Imagine if you will, a woman.  We'll call her woman A.  She's tallish, fit, muscular.  Where she isn't mud spattered, her brown skin glistens with sweat, and shimmers with sun filtered through the trees.  She's hurtling down a hillside on a mountain bike, and the only sounds you hear are the crackling of leaves and twigs as her wheels carve the ground.

Now, imagine a second woman, woman B.  Same height, same skin color.   You can see in her legs and arms some hints of strength, but her general figure is an exaggerated hourglass.  Her belly is still significantly distended from her recent pregnancy.  She walks slowly up a steep incline, in place, on a treadmill, in a flourescent lighted room filled with workout machine and free weights.  You hear the quiet sound of people talking and the fan whirring overhead.

Woman B is a fairly exhausted, but determined stay-at-home mom of two/future graduate student.  Woman A is the same person, obviously, but she's also an athlete, and by New Year's 2012, I'm hoping I will be her.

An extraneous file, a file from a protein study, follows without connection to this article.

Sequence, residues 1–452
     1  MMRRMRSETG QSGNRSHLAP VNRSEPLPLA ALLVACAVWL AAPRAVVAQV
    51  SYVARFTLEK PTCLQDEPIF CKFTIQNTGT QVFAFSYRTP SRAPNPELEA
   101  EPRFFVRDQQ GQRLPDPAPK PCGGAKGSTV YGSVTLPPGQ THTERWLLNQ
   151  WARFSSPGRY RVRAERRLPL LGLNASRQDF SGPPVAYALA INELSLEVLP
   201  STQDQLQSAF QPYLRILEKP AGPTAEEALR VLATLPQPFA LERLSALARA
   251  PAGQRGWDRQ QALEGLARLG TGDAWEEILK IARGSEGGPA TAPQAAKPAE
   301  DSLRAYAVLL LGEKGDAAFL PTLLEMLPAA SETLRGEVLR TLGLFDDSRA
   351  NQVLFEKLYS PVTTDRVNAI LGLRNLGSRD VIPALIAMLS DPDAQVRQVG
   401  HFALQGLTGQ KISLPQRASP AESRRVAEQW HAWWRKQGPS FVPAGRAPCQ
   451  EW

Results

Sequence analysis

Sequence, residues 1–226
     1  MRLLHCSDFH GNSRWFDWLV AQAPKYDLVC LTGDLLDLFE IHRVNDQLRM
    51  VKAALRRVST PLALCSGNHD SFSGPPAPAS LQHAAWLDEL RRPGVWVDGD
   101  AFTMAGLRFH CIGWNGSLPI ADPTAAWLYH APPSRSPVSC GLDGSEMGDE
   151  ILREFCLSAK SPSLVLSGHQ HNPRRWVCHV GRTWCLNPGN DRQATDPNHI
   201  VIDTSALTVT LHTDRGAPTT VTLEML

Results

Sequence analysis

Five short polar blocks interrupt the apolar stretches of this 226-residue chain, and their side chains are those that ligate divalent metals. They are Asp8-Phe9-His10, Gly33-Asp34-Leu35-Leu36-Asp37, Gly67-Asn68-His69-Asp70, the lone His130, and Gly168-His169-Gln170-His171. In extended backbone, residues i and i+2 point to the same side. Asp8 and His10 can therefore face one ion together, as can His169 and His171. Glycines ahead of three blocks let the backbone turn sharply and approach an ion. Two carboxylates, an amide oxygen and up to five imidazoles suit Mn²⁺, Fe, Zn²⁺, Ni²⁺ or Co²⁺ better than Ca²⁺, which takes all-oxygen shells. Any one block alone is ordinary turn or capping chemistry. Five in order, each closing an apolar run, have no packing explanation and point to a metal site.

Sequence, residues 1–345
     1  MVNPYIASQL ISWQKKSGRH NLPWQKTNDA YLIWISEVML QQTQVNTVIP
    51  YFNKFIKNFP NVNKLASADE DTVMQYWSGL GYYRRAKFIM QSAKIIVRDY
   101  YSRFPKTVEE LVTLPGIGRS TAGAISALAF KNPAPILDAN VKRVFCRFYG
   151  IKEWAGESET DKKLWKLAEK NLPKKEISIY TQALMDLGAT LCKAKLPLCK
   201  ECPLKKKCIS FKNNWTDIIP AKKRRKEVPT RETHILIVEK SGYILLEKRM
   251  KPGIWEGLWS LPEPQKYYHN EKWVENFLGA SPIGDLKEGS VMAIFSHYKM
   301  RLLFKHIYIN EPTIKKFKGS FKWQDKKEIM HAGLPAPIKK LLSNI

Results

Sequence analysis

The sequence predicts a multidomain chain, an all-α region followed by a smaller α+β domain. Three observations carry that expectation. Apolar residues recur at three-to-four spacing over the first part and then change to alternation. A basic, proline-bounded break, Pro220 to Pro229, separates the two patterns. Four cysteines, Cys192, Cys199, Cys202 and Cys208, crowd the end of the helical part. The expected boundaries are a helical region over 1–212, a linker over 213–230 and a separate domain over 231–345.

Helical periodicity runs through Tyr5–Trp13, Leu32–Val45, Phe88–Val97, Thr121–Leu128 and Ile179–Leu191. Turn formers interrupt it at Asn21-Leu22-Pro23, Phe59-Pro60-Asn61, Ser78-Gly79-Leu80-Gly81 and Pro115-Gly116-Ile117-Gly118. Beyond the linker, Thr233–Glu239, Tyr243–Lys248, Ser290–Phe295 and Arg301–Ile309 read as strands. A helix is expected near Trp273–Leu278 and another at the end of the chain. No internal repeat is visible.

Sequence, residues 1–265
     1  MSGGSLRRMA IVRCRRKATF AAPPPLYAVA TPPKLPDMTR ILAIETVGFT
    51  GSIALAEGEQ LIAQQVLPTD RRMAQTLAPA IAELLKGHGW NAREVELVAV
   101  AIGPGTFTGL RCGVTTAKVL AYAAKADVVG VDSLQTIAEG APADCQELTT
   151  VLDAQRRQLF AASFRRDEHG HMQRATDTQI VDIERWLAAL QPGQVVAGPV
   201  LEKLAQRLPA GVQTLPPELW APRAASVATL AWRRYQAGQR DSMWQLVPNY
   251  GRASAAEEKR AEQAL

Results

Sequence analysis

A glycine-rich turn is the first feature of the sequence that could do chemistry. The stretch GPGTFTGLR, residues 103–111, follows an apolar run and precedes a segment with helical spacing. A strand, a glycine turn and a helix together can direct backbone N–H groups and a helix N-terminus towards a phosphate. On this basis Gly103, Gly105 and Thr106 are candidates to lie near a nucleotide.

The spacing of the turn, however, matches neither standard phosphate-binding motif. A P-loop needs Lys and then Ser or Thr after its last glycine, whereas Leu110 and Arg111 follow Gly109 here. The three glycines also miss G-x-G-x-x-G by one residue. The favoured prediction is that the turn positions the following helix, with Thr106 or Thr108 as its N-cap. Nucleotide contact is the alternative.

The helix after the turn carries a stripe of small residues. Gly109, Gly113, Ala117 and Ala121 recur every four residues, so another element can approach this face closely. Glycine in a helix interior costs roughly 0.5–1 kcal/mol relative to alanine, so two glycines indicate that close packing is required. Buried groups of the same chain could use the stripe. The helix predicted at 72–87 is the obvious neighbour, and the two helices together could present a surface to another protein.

Now I've never downhill mountain biked.  But I did run a marathon in what now seems a lifetime ago.  Before that, I was hardly athletic.  A good metabolism, a dance class here, a dance club there, and a fair number of cigarettes kept me trim enough through my most of my twenties.  But then in 2002, I had some real trouble.  I was in a long term relationship that was falling apart, and I decided to try to get my mind right by starting to run.  A cross country coach position at my school had opened up, so, with one whole month of running (mostly around the block) under my belt, I asked my friend Dave, the other coach, if I could have the job.  Nice guy that he was, he said yes.  A few months later, he told me that he was training a few other teachers for the Marine Corps marathon and asked me if would I like to sign up and train with them.  Well, it seemed like a once in a lifetime opportunity, so I did it.  Six months later I was twenty pounds lighter, in the best physical shape of my life, and I'd developed a passion that would sustain me through a very challenging time.  With Dave's support and friendship and a fair amount of perseverance on my part, I trained for and finished a marathon.  I could safely call myself, at that point in time and for several years afterward, an athlete.